When my family moved to Cambridge in 1994, it was full of businesses owned by locals (apart from the supermarket and my beloved KFC, and I suspect the supermarket was a franchise). The shops closed early on Saturday and stayed closed on Sunday. I still remember when The Warehouse opened and the adults in my life RUED the day, knowing it signalled major competition for those small businesses. Sure enough, the arrival of CDs for $9.95 and an entire outdoor dining set for less than a hundred bucks was too much, and eventually Cambridge got a Briscoes and a McDonalds to complete its Monopoly set of mod-cons.
However, as Joni would say, the seasons go round and round and eventually, on one of my visits to Cambridge, I became aware of a new generation of locally-owned businesses starting to put out feelers. The most exciting of these for this magpie was Leven.
It started in a shop so small that the first time I went in, I was afraid to turn around too quickly in case I knocked something down. The stock was amazing. Now, Cambridge was a town where my high school boyfriend was able to find not one, but two, pastel-coloured candles shaped like cavorting teddy bears, so the bar might not have been that high, but even by my pretty spoilt Wellington standards, I was excited. On that first visit I bought my beloved tote bag from Caravan.
I asked Kath about those early days in Cambridge, and which came first – the population that would support a store like Leven, or the shops and cafes that helped to make Cambridge a desirable place to live for those townies from up the line (Cambridge is increasingly popular as a satellite town for Aucklanders). Kath explained – “I think there were always women in Cambridge who wanted what Leven stocked – they were just having to go to Hamilton or further afield for it. I thought that if my friends and I were keen to have access to these sorts of gorgeous things, then surely others would be too!”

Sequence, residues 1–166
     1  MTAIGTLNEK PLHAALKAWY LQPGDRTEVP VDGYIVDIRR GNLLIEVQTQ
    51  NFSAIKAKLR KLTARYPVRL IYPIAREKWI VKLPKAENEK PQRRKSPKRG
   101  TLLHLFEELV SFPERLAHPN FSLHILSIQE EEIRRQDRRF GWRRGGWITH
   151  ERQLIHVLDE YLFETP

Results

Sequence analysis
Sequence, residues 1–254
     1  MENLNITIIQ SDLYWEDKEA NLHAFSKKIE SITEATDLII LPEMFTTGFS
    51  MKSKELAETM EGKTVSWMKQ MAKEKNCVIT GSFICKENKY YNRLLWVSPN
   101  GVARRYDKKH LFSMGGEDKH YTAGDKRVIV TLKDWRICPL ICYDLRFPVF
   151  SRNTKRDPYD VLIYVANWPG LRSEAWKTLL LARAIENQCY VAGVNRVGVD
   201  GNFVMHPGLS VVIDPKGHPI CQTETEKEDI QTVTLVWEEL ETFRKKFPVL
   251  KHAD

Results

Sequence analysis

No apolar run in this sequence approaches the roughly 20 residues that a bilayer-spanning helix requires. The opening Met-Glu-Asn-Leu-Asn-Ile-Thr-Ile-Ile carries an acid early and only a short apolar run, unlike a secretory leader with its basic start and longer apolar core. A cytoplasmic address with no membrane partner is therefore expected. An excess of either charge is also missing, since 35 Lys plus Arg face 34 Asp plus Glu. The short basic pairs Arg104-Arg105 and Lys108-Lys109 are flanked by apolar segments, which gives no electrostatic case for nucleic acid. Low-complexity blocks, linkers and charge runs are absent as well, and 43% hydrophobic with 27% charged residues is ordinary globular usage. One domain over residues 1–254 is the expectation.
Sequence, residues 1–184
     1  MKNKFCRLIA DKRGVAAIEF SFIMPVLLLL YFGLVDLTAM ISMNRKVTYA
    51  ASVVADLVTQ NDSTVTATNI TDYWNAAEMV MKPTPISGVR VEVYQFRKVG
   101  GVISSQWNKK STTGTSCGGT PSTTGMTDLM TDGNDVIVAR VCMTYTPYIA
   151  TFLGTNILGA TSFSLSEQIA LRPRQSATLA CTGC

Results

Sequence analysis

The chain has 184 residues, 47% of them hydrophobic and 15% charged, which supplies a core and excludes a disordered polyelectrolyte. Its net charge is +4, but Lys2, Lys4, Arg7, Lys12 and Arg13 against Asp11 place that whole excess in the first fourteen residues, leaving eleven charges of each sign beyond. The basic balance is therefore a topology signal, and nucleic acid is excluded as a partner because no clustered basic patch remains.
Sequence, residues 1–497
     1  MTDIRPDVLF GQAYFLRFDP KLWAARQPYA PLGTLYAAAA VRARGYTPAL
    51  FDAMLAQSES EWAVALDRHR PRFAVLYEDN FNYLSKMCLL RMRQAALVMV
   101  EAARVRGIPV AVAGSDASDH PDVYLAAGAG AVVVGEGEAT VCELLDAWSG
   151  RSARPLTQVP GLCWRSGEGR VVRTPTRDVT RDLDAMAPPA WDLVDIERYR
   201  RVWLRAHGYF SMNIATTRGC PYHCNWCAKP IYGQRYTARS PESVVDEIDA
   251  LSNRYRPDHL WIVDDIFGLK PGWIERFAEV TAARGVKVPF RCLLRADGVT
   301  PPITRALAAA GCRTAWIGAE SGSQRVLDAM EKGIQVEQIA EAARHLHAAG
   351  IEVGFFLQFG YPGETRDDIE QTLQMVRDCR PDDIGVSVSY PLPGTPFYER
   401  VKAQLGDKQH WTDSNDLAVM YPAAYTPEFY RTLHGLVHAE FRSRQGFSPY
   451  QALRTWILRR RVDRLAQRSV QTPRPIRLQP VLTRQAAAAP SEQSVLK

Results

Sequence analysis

Since those days, Leven has shared a larger space with another local business and now has that entire larger space to itself. It has expanded its repertoire from a selection of gifts and homeware into fashion, books and beauty, and considering that the first customer came through the door the minute it was opened on the day I visited, it’s clearly a regular stop for the citizens of Cambridge. It’s fair to say that there’s almost too many opportunities for me to set my wallet on fire when I visit Cambridge now. Yikes.
Looking around at the range (and buying several things I did not know I needed until I saw them…oops) it struck me as a huge undertaking to build up a business. I understand a little of what it’s like to sell locally designed things to a store like Leven, but I didn’t know much about what it’s like to be on the other side, starting a business from scratch, so I asked Kath what that had been like.
“You have to convince people to take a chance on you, and you’re an unknown quantity. I remember how excited I was when I would get an email from a brand I’d contacted, saying they would supply us. Nowadays it’s a bit different, but it’s still amazing finding new brands and new things to bring into the store and share with our customers”
The thing I love about Leven, apart from its excellent selection of Kowtow and the fact it smells delicious from all the Ashley & Co diffusers, is its story. I think it’s awesome that Kath saw an opportunity to do something brand new, and to bring something to her town that she thought other women would enjoy. I love that she put herself out there, building a whole set of relationships to make her business a success. And I love that locally owned businesses are able to grow in a town where once the promise of cheap imported goods caused speedy attrition in the main street.
When I was at Leven, Kath was supervising the finishing touches on the new fitting rooms, before running to take her daughter to a netball game. For me, that was a great example of what starting a business in a NZ town can give you – success, but balance. Leven doesn’t open on Sunday, just like its predecessors in 1994. Somehow, though, I think they have nothing to fear from big box competition.